|Figure 1: Three-dimensional (a) and digital subtraction angiography run (b) revealed a 12 mm × 11 mm basilar top aneurysm incorporating the origins of both posterior cerebral artery. (c and d) Lateral and anteroposterior digital subtraction angiography views to confirm pCONus device placement with petals (arrows) covering the neck of the aneurysm and the shaft of the device in the distal basilar artery. Coiling was started with a framing three-dimensional coil as per routine practice and completed with two-dimensional coils to achieve complete packing depicted on (e and f) anteroposterior and lateral digital subtraction angiography views|
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| Discussion|| |
Wide neck bifurcation aneurysms remain a challenge, both for surgical as well as endovascular techniques.
Innovative techniques and hardware have been introduced to overcome the technical limitations associated with treating such wide-neck aneurysms, including three-dimensional coils, balloon remodeling technique, multiple microcatheters, intracranial stents,, flow diverter devices  and neck-bridge device. The aim is to exclude the aneurysm completely while preserving the branches. Ensuring safety of the branches during assisted coiling requires, preferably biplane digital subtraction angiography equipment and expert supportive staff that are not widely available in Indian setup.
With balloon remodeling technique, there is increased risk of intimal injury and vascular stretching due to balloon manipulation and higher chances of aneurysmal rupture because of higher intra-aneurysmal forces generated due to occluded aneurysm neck. Moreover, postdetachment, the coils may herniate into the parent vessel or branches.
Various patterns of placement of stents, viz., “X,” “Y,” “T” or crossover are used in stent-assisted coiling to preserve the involved branches. Stents provide possibility of complete obliteration of wide-necked aneurysms, but require long-term antiplatelet agents to prevent thromboembolism. Moreover in-stent stenosis, stent malposition and vascular dissection may occur during stent manipulation., Technical difficulty to wire the branches may preclude this option.
Flow diversion is not recommended in ruptured cases.
Certain new devices are now available, such as barrel stent, eClips, woven endobridge, pCONus,,,,, and pCanvas.
Neck bridging devices are a relatively new addition to the armamentarium of a neurointerventionist. The initial data from the Western literature of pCONus is very encouraging in complex aneurysms with good results, low thrombogenicity, and low complication rates.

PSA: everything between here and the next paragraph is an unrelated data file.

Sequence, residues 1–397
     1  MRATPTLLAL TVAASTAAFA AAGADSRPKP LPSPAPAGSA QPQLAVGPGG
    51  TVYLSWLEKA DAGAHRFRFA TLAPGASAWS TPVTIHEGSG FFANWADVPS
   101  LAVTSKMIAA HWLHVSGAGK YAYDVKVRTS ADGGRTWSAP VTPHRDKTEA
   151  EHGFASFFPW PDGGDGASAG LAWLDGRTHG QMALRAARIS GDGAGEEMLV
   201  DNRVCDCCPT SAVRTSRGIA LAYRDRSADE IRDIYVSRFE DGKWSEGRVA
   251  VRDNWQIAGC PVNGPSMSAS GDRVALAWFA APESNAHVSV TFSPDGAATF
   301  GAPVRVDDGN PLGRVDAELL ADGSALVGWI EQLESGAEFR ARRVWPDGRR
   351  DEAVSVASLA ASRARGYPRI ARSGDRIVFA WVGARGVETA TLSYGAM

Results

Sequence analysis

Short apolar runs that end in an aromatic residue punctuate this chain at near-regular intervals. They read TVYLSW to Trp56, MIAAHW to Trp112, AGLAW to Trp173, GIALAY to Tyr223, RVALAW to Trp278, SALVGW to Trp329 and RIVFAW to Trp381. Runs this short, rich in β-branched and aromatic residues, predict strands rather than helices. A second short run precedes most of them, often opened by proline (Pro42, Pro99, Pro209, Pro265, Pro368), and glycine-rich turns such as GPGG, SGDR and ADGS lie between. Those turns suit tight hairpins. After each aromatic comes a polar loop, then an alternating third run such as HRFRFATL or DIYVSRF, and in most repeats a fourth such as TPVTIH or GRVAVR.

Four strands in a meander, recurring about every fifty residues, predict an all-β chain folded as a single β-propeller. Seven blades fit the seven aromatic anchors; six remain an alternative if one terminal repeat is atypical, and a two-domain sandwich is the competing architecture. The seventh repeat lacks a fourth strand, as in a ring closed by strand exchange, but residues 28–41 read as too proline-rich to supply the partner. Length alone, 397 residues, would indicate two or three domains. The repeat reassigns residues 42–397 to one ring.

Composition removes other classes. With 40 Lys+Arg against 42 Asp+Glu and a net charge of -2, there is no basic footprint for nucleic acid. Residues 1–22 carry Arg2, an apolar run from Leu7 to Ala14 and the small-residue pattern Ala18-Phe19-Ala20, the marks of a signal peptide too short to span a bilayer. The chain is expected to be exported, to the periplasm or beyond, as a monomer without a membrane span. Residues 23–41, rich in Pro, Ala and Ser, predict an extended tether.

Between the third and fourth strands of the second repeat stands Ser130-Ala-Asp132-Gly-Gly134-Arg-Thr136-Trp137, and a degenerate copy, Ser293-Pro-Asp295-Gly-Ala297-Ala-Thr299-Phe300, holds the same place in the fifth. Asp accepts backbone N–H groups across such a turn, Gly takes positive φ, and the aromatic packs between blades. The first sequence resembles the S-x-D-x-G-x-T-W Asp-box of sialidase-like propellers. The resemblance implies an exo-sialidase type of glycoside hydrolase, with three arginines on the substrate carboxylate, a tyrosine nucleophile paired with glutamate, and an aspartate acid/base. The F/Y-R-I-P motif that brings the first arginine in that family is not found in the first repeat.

The pCONus has a stem that is positioned in the parent vessel, the basilar, in our case. The petals are placed in the lumen of the aneurysm just distal to the neck, to prevent the coil mass from getting dislodged into the vessel lumen. There are various technical advantages, such as very low (<5%) ratio of metal to artery surface leading to lower thrombogenicity and compatibility with several catheters. It is easier to achieve complete packing of the aneurysm with no residual neck with this device than with two stents or balloons.
This device has recently become available on the Indian subcontinent. In our case, this neck bridging device (pCONus) was preferred overplacement of stents in both branches which was technically difficult and required exquisite monitoring preferably in two planes. At our center, a single plane digital subtraction angiography suite is available, making the procedure even more laborious. Additional benefits included lower cost and lesser requirement of antiplatelet therapy as compared to stents.
As per our experience, easy and quick deployment (takes far less time than placement of two stents or balloons) and possibility of complete redeployment so as to ensure optimum placement and good visualization on a single plane make the procedure simple even in a peripheral center with few supporting hands.
Declaration of patient consent
The authors certify that they have obtained all appropriate patient consent forms. In the form the patient(s) has/have given his/her/their consent for his/her/their images and other clinical information to be reported in the journal. The patients understand that their names and initials will not be published and due efforts will be made to conceal their identity, but anonymity cannot be guaranteed.
Financial support and sponsorship
Conflicts of interest
There are no conflicts of interest.